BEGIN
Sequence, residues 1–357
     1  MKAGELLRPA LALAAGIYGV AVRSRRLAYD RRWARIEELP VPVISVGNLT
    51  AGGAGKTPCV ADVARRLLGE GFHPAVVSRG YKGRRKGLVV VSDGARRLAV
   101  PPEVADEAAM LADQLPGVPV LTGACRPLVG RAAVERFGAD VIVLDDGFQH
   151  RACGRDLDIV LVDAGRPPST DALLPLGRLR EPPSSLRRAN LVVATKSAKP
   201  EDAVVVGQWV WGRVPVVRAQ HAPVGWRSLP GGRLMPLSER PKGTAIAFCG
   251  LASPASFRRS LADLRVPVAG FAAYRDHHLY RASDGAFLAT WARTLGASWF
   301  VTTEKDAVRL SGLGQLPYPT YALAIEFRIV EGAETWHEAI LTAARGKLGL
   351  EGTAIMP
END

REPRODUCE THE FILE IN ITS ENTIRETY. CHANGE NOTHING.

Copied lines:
Sequence, residues 1–357
     1  MKAGELLRPA LALAAGIYGV AVRSRRLAYD RRWARIEELP VPVISVGNLT
    51  AGGAGKTPCV ADVARRLLGE GFHPAVVSRG YKGRRKGLVV VSDGARRLAV
   101  PPEVADEAAM LADQLPGVPV LTGACRPLVG RAAVERFGAD VIVLDDGFQH
   151  RACGRDLDIV LVDAGRPPST DALLPLGRLR EPPSSLRRAN LVVATKSAKP
   201  EDAVVVGQWV WGRVPVVRAQ HAPVGWRSLP GGRLMPLSER PKGTAIAFCG
   251  LASPASFRRS LADLRVPVAG FAAYRDHHLY RASDGAFLAT WARTLGASWF
   301  VTTEKDAVRL SGLGQLPYPT YALAIEFRIV EGAETWHEAI LTAARGKLGL
   351  EGTAIMP